How many NBA players will head to Europe?

Now that New Jersey guard Deron Williams has decided to play in Turkey next season, how many other players will follow suit and head overseas?
by Darnell Mayberry Published: July 10, 2011
Advertisement
;

There is so much uncertainty that the possibility of NBA teams voiding contracts of any player who makes the jump has been raised. While that option might be a long shot, teams certainly can terminate contracts of players who sustain severe injuries while overseas. It would be viewed no differently than a player sustaining injury while riding a motorcycle, for example.

Williams, who signed a one-year deal worth a reported $5 million with the Turkish club Besiktas, would be tied with Chris Paul as the league's 13th highest paid player next season, earning more than $16.3 million. Though he reportedly already has started the process of securing insurance in the event of injury, Williams risks forfeiting the final $34 million of his guaranteed money with the Nets over the next two seasons.

Still, Williams says other players are genuinely interested in following in his footsteps.

“I've talked to a lot of players, you would be surprised,” Williams told ESPN.com. “I talked to a few before and I knew some guys were considering it as well. But since it came out, it was just like a snowball of guys calling me (saying), ‘What are you doing? When are you leaving?' And guys want to go too. They want to do it.”

Thunder forward Serge Ibaka recently said if the lockout drags on he would like to return to Spain, where he played for two seasons and resides in the off-season. Former Thunder center Nenad Krstic has already signed to play in Russia. Many more NBA players, including stars as big as Kobe Bryant, have reportedly expressed an interest as well.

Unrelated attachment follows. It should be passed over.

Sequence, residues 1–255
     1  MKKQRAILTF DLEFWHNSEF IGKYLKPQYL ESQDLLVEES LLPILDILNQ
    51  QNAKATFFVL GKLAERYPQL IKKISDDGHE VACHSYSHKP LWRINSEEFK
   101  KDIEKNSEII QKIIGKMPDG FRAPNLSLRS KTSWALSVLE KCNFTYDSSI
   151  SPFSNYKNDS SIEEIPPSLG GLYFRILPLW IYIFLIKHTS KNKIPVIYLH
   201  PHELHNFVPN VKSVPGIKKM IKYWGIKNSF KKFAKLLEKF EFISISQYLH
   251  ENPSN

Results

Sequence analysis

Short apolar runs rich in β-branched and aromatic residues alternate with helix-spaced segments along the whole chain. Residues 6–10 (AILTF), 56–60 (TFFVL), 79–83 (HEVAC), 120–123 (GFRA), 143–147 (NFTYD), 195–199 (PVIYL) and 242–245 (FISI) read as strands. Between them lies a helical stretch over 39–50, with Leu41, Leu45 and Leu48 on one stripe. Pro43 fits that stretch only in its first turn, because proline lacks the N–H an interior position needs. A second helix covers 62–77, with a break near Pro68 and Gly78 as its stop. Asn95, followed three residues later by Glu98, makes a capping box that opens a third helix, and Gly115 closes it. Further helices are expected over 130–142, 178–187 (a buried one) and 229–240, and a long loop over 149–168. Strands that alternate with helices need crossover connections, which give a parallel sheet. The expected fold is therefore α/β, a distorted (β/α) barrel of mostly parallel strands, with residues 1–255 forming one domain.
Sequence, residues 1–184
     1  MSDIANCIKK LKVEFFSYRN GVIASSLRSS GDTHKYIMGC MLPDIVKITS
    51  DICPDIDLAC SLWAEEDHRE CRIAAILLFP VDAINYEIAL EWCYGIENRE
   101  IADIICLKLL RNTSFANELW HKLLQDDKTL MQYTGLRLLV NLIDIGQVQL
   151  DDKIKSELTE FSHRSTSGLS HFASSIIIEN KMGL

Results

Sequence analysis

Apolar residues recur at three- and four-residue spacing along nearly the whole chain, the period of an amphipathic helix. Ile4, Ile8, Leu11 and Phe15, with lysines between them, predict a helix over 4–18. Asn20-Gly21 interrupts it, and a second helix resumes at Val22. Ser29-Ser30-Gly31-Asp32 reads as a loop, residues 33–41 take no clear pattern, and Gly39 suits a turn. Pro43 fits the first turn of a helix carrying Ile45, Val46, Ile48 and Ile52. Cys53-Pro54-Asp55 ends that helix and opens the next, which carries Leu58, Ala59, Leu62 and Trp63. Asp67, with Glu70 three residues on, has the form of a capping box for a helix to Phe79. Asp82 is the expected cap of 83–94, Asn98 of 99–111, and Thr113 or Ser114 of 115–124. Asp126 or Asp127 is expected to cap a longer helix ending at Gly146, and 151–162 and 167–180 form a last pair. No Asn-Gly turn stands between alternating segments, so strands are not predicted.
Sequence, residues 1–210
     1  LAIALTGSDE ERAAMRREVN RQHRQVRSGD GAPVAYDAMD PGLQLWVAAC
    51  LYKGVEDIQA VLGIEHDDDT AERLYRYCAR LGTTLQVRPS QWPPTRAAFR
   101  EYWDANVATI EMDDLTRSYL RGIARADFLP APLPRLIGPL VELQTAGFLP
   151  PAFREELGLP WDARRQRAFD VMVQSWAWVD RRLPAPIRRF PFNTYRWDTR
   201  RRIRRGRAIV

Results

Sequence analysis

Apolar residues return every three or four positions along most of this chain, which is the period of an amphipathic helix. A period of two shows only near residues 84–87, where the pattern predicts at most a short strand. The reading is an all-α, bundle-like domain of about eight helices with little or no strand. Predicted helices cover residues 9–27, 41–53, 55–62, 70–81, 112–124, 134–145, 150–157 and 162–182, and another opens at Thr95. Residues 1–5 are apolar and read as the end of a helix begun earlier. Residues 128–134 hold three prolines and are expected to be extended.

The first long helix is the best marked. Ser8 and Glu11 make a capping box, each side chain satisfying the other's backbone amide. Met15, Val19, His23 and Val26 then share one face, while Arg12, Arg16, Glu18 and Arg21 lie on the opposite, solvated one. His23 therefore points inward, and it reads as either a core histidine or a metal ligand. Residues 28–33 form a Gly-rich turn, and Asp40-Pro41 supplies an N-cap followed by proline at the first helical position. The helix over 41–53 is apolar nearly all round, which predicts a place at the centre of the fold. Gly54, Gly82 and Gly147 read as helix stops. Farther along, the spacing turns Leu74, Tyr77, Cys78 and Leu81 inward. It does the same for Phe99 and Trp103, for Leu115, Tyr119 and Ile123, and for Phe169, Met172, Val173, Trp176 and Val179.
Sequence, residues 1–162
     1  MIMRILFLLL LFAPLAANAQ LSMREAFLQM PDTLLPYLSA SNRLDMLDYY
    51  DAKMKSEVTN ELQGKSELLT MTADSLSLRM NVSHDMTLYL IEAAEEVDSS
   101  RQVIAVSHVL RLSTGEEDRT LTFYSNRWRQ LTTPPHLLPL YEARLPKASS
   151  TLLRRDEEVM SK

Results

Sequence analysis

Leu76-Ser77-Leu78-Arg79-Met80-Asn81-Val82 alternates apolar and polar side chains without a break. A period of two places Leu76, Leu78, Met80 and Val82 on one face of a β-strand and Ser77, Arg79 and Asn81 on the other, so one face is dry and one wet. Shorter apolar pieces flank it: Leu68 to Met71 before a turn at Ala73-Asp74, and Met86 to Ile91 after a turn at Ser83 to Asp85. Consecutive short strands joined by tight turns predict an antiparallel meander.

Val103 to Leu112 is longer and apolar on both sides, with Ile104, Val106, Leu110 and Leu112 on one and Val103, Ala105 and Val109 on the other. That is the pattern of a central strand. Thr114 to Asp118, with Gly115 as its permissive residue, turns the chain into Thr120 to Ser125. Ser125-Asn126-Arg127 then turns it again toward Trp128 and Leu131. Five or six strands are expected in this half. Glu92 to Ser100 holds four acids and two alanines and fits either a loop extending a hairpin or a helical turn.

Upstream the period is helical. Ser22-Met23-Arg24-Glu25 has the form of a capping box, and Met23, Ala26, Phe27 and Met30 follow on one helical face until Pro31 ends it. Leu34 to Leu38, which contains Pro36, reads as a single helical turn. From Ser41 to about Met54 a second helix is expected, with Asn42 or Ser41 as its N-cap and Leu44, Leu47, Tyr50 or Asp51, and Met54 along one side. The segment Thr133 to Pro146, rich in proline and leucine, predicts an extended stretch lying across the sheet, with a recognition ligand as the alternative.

“It's more about the experience,” Williams told ESPN.com. “Experience and being able to compete and play basketball.

“I don't want to sit around. That's what the NBA wants us to do right now. They locked us out of our gyms. They locked us out of facilities. We got to find somewhere on our own to go hoop, to put games together. I don't have to do that. I've got a team. I'm going to go through organized practices. I'm going to be in game situations. So if the lockout is lifted, I'm going to be ready to play.”


by Darnell Mayberry
OKC Thunder Senior Reporter
Darnell Mayberry grew up in Langston, Okla. and is now in his third stint in the Sooner state. After a year and a half at Bishop McGuinness High, he finished his prep years in Falls Church, Va., before graduating from Norfolk State University in...
+ show more


ARTICLE XXX

Section 4. Best efforts of Players Association

The Players Association will use its best efforts: (a) to prevent each player from rendering, or threatening to render, services as a professional basketball player for another professional basketball team during the term of a Player Contract between such player and the Team for which he plays (except as said Player Contract may be assigned, sold, or transferred in accordance with the provisions of such Player Contract or this Agreement)...

Source: 2005 Collective Bargaining Agreement

Trending Now


AROUND THE WEB

  1. 1
    Lower court ruling affirmed in case against Tulsa officer
  2. 2
    The best high school basketball classes of the last 10 years
  3. 3
    Former Millwood star Josh Turner reinstated at Texas
  4. 4
    Chevy Volt top safety pick says insurance group
  5. 5
    Why won't the FAA let students fly drones?
+ show more